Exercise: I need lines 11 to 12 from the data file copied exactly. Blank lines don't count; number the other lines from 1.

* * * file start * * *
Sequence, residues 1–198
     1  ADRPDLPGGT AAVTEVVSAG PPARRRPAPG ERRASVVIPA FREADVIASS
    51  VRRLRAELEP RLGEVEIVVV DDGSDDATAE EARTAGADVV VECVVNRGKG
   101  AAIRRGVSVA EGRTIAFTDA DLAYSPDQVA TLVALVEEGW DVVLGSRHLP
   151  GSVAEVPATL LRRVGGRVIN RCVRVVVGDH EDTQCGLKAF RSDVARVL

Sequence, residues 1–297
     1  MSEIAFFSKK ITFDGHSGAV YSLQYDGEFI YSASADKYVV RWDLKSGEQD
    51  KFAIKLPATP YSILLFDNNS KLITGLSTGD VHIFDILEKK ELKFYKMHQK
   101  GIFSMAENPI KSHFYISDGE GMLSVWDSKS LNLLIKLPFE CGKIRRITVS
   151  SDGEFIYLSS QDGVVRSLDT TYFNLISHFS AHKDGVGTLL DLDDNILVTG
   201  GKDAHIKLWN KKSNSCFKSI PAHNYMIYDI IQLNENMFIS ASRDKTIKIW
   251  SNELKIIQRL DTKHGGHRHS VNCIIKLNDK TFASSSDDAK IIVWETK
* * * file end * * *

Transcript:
   201  GKDAHIKLWN KKSNSCFKSI PAHNYMIYDI IQLNENMFIS ASRDKTIKIW
   251  SNELKIIQRL DTKHGGHRHS VNCIIKLNDK TFASSSDDAK IIVWETK